In 2006, when the feminist movement put together the conference called Les Dones Sabem Fer i Fem Saber (Women’s Know-How and Awareness) held at Llars Mundet in Barcelona, gender studies was spreading in universities and new generations were educated knowing that women knew what they knew. Empowerment was the buzzword; we did not want to be the object of study and demanded to be seen as political subjects. We reformulated the concept of domestic labour to place care work at the centre of society, in that it enabled the growth, development and maintenance of human life and had almost always been carried out by women in most of the world’s cultures. We questioned the sexual binarisms that the patriarchal system has imposed as pillars of its symbolic order. We realised the need to protect nature from the consequences of global warming. We defended the search for peace in all conflicts that globalisation only helped escalate. Transfeminisms highlighted the emergence of a series of discourses, political practices and cultural productions linked to the struggle for sexual and gender freedom, after which concepts such as ‘queer’, ‘heteropatriarchy’, ‘cis-male’ and ‘dyke’ became common in the feminist narrative.  

Shared struggles

In the context of shared struggles with social movements, these were years in which different waves of resistance took shape. Opposition to cuts in education, health and the social services in general grew in strength. There was increasing mobilisation for the right to housing in the face of the property boom, which burst as an ‘economic crisis’ when in fact it was an expression of the uncontrolled, predatory nature of banking-led speculation. To combat it, the Plataforma de Afectados por la Hipoteca (Platform for People Affected by Mortgages, PAH) was established in 2009 and buildings were frequently occupied as squats, thereby consolidating a major alternative movement. In 2011, the 15 May (15M) protests broke out, as a convergence of all the demands for change towards a more supportive, participative and democratic society. The camp occupying Barcelona’s Plaça Catalunya brought together the indignados, which included younger feminist sectors, and, in particular, fostered debate on the crisis of revolutionary and personal horizons through labour precarity and the relationship between political life and care. Out of this came the ‘iaiaflautes’ (protesting grandmothers) and ‘las marees’ (tides) of different colours that weaved sector-based struggles together. These years also saw demonstrations in favour of Catalan independence, culminating in the referendum on 1 October 2017, mobilising millions of people, gaining unanticipated importance and leading to the founding of the group Feministes per la Independència (Feminists for Independence).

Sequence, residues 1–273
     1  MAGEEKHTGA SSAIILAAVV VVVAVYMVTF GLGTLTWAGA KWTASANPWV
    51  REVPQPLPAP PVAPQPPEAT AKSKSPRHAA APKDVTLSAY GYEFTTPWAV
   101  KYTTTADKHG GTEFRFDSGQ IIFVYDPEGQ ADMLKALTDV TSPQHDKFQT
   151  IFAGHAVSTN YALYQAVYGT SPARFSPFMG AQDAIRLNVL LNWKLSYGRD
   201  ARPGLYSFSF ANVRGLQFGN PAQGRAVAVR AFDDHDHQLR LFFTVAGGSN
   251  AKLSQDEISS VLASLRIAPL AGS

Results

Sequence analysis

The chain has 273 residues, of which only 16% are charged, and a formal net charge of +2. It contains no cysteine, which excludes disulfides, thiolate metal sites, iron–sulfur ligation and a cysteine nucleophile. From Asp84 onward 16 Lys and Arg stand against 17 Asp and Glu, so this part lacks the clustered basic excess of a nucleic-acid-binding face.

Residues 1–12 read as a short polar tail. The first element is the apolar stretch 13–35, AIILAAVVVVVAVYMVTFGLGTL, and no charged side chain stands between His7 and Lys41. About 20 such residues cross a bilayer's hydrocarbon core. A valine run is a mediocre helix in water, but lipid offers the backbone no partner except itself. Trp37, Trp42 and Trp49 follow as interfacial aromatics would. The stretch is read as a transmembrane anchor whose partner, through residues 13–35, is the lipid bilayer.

This was the panorama in 2016 when we organised another conference, titled Radical-ment feministes (Radically Feminist), a name which aimed to reflect our political position and our long and deeply rooted tradition. In these recent years, the political subject of feminism has switched to ‘women, lesbians and trans women’ and feminist agency has become mainstream, with previously unheard-of presence in the media, on the streets and around the world. The social media acts to broadcast and disseminate feminist seeds that penetrate all areas and levels of society. Waves of young feminists have focussed all their energies on talking about and explaining how they suffer violence and how they experience their sexuality, with the phrase “our body, our rights” more relevant than ever. Decolonial feminisms have erupted in force, highlighting the importance of anti-racism and a critique of the eurocentric viewpoint, placing the intersection of sex/gender, class and race conflicts in the feminist agenda. 

​Intersectionality and the mainstreaming of feminist struggles and reflection based on political practice have always been among the most important contributions of our activism